Take the general gameplay of the 2013 PlayStation 3 and PS Vita game Dragon’s Crown, then slap on the graphic style of the 2002 online game Adventure Quest, and you’ve got something comparable to Dungeon Punks.
Set to come out on PS4, Xbox One, and PC sometime this summer, Dungeon Punks is a multiplayer, arcade-style brawler being developed by Hyper Awesome Entertainment. PAX East 2016 was the first time the developer showcased the game to the public, and I got to spend some time brawling my way through a few its stages.
The gameplay is what you might expect from an arcade-style brawler — move from one 2D area to another, while clobbering enemies that wander into the area from all sides. Each of the six playable heroes have unique attacks and powerful spells, and all six can be in your party at any time (three on the field, and three that can be swapped out). Up to three people can play locally at a time, but if you’d rather play alone, the AI is capable of taking over any unused party member.
Similar to Dragon’s Crown, players are able to find and equip different weapons and items, as well upgrade their skills and attacks. While I wasn’t able to play Dungeon Punks for very long, I could see that these RPG mechanics have the ability to keep gameplay fresh, especially since players will likely have to repeat a few stages now and then.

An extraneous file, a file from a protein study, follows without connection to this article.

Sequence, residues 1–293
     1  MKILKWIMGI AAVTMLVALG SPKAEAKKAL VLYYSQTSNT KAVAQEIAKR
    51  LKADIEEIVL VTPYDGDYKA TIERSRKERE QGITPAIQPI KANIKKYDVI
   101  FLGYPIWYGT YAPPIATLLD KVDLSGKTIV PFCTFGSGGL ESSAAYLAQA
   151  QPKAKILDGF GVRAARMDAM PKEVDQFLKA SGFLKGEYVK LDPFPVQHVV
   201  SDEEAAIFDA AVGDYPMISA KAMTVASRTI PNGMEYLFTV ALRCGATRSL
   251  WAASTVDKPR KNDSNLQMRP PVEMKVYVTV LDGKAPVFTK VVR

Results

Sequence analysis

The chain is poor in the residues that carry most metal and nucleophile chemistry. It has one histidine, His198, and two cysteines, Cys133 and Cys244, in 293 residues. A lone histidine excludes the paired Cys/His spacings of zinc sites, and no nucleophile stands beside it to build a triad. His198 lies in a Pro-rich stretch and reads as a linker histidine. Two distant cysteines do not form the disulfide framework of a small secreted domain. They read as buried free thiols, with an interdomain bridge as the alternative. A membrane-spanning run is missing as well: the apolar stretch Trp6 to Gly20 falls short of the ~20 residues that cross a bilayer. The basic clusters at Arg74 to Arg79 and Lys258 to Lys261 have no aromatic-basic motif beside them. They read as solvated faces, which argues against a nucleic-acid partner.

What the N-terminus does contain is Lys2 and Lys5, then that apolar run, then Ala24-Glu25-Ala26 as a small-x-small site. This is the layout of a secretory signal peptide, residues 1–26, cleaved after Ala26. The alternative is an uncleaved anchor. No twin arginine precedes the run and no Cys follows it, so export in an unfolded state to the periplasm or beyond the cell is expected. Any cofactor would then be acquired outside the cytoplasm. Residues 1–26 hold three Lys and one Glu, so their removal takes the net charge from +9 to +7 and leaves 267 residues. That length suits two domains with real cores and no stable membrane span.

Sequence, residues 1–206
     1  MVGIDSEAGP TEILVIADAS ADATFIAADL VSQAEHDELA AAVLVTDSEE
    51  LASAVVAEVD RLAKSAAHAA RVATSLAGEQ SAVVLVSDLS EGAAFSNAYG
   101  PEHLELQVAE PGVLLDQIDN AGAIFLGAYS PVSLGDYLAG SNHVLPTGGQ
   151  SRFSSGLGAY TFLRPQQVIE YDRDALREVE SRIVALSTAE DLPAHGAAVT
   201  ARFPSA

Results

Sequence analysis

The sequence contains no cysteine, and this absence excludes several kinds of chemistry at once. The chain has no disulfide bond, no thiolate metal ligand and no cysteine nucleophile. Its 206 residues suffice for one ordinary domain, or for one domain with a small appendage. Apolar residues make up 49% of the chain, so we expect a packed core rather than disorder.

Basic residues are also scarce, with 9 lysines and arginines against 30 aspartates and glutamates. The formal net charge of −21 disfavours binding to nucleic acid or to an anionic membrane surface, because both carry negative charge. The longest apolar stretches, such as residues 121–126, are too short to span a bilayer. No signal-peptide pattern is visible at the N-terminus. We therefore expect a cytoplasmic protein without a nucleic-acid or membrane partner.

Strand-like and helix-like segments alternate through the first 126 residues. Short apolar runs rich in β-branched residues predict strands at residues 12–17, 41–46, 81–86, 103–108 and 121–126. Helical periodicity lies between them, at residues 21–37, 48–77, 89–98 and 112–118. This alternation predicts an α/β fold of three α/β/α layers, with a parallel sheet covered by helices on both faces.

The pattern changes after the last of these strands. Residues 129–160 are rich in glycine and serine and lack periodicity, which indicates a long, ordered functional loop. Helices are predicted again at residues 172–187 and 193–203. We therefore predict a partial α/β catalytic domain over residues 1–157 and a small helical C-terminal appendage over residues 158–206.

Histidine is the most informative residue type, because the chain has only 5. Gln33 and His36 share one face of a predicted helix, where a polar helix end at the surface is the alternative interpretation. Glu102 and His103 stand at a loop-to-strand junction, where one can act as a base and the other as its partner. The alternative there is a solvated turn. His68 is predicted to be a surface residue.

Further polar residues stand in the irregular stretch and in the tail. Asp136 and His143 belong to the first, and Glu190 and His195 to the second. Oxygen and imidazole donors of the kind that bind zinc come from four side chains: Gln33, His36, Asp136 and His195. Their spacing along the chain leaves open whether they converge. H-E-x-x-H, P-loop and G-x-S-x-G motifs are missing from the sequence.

I know I had to repeat a stage, after one challenging boss bested me and the other person I was playing with. However, although I love challenging games, I was annoyed at losing to this boss. The problem was, I didn’t know I was losing until I was already dead. While the boss’s health bar was fairly visible, my own was just a tiny line above my character’s head, and it was difficult to keep track of in the chaos. Additionally, my character never really reacted to being hit, at least not in a way that made me fully aware of what was happening.But, with still several months left before Dungeon Punks releases, there is plenty of time for these things to be fixed.
Overall, I liked my time with Dungeon Punks, like I enjoyed playing Dragon’s Crown and nearly every other arcade-style brawler I’ve gotten my hands on, and I’m looking forward to see what changes are made to it in the coming months.